An audit found Invest Atlanta has no way to determine when a redevelopment plan is finished and no longer needs public subsidy. Those projects that seem complete, like Atlantic Station, seen here in this 2011 file photo, still collect more tax dollars than needed to pay off their debt, according to the audit.
One of Atlanta’s main tools to encourage redevelopment in blighted areas with
millions of dollars in taxpayer money needs a dose of extra accountability —
as well as more oversight by city politicians — a soon-to-be-released audit
The audit focuses on the 10 tax allocation districts overseen by Invest
Atlanta, the city’s economic development arm. The districts help finance
redevelopment costs through the pledge of future increases in property taxes
generated by new development. The money helps fund such projects as new
buildings and retail centers.
But the audit found Invest Atlanta has no way to determine when a
redevelopment plan is finished and no longer needs public subsidy. Those
projects that seem complete, like Atlantic Station, still collect more tax
dollars than needed to pay off their debt, according to the audit.
And the city has no policy for handling the extra tax money once the main
projects are paid off, according to the 94-page investigation, which was
obtained by The Atlanta Journal-Constitution ahead of its planned release
today at a City Council meeting.
“In the absence of a policy, the city could spend more than necessary on soft
costs, continue to subsidize development when public support is no longer
needed, or let resources sit idle,” the report said.
Tax allocation districts, or TADs, have sprung up across Atlanta in recent
years and now cover nearly 27 square miles — a fifth of the city’s land area
— and about 15 percent of the city’s assessed property values. During boom
years, they were seen as the savior of dilapidated strip malls and
struggling city centers, but they have come under more scrutiny after the
“It’s a very good tool if it’s used moderately,” said Chris Leinberger, a
senior fellow at the Brookings Institution in Washington, D.C.
Critics of TADs say more oversight is long overdue. John Woodham, an Atlanta
attorney who has challenged the legality of the districts in court, said the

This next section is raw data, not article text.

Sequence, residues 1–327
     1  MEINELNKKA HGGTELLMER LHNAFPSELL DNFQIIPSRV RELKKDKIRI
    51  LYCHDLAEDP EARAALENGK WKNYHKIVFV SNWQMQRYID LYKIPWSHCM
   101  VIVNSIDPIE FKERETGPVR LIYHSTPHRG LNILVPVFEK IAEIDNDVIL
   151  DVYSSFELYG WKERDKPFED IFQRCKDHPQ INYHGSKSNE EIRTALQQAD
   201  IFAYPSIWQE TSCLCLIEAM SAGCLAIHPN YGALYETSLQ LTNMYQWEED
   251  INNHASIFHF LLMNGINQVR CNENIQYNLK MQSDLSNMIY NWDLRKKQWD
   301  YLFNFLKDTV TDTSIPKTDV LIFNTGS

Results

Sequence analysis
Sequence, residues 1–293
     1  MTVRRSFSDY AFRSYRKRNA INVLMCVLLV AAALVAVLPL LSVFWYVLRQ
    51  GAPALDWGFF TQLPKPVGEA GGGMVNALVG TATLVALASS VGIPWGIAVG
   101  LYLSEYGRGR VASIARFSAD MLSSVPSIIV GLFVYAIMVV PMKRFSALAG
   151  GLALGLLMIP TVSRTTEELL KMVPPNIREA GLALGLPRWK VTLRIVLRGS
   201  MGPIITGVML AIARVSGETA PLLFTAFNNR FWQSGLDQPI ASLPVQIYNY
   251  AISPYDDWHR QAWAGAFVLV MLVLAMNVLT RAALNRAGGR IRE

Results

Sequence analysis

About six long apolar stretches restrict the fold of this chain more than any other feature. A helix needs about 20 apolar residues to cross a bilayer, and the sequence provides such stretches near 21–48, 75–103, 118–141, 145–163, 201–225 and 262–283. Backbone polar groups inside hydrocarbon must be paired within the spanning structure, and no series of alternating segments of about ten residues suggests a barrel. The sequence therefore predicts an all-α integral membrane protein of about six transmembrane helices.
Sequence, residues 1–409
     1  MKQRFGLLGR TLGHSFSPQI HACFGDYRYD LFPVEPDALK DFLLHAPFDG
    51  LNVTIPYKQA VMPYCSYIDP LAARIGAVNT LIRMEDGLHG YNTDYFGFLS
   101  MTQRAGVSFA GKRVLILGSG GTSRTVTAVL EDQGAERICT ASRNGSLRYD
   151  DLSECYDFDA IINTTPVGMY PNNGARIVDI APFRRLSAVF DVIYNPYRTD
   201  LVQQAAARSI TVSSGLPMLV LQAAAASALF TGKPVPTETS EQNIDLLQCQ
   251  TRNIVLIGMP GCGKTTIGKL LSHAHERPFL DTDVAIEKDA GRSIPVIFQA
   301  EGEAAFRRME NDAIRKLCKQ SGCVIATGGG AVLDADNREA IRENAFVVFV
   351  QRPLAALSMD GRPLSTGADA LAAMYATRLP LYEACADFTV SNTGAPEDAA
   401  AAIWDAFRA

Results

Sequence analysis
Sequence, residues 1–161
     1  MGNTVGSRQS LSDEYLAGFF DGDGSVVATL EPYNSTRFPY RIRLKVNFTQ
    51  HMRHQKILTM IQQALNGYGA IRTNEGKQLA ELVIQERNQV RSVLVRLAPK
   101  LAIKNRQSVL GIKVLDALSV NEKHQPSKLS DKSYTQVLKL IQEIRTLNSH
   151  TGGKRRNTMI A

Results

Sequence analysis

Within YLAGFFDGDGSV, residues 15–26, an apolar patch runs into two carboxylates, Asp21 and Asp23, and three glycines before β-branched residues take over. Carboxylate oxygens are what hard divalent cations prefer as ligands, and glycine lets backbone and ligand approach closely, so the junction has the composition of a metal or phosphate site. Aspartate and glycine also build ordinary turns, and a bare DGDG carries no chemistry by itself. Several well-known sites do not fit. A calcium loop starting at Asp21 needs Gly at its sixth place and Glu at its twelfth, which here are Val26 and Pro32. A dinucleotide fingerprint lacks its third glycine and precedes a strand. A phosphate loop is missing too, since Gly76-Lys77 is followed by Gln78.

audit’s recommendations could help the blighted areas that need the money
the most keep more of the funding.
“The city is shooting itself in the foot every time they anoint Invest
Atlanta as the redevelopment agency, since they lose control and
accountability over the funds,” Woodham said. “We don’t need another condo
high-rise. We need Vine City to get the tax funds it deserved and it was
The audit recommends giving the Atlanta City Council more control over how
the districts work by requiring city lawmakers to consider voting on changes
to the redevelopment plans. It also wants the agency to report annual
evaluations of each of Atlanta’s 10 districts to hold them more accountable
and to more clearly define the administrative costs of running Invest
“While Invest Atlanta has processes in place to control developer costs, it
does not subject its own operating costs and those of its affiliate Atlanta
Beltline Inc. to the same scrutiny and oversight,” according to the audit.
Invest Atlanta’s chief executive, Brian McGowan, said in a statement the
agency is already working to address many of the recommendations outlined in
the audit, including drafting a “more proactive” evaluation strategy. Any
new reporting requirements, he said, will show the program “is the most
powerful and successful jobs and economic growth program the city has at its
The agency also said in a written response to City Auditor Leslie Ward that
it has expanded its accounting staff to help monitor spending but worried
that some recommendations could place new burdens that would distract it
from its mission.
It said giving City Council members more authority to oversee specific use of
funds each time a new project could receive funding “would slow down the
process considerably and make the TAD program a less attractive
redevelopment tool for developers and community organizations.”
City leaders signaled they are confident Invest Atlanta is moving in the
right direction after a recent overhaul of the agency, once known as the
Atlanta Development Authority. Duriya Farooqui, the city’s chief operating
officer, said the city will “formalize greater oversight going forward” to
ensure the TAD funds are spent appropriately.
Millions of dollars are at stake, with nearly $640 million in bonds issued
for five of Atlanta’s 10 tax allocation districts between 2001 and 2009. The
council also has approved up to another $35 million in bonds to finance
projects in west Atlanta’s Perry/Bolton district.
Funding from the tax districts has helped fund new bridges, expanded sewer
systems and roadways, hundreds of new condos and more office space and
retail for local businesses. But near Turner Field and in some impoverished
communities in south and west Atlanta — including the Metropolitan Parkway,
Campbellton Road and Hollowell/M.L. King districts — only a few projects
have benefited from the districts, the audit found.
“It just may not be economically viable,” Leinberger said. “You can’t force
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